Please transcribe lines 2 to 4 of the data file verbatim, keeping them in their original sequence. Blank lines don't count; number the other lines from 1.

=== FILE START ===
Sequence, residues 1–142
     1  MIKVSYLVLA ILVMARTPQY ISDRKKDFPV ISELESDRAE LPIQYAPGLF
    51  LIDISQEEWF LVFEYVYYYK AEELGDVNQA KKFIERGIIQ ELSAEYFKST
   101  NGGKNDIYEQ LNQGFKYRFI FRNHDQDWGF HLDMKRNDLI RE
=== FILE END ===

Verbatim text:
     1  MIKVSYLVLA ILVMARTPQY ISDRKKDFPV ISELESDRAE LPIQYAPGLF
    51  LIDISQEEWF LVFEYVYYYK AEELGDVNQA KKFIERGIIQ ELSAEYFKST
   101  NGGKNDIYEQ LNQGFKYRFI FRNHDQDWGF HLDMKRNDLI RE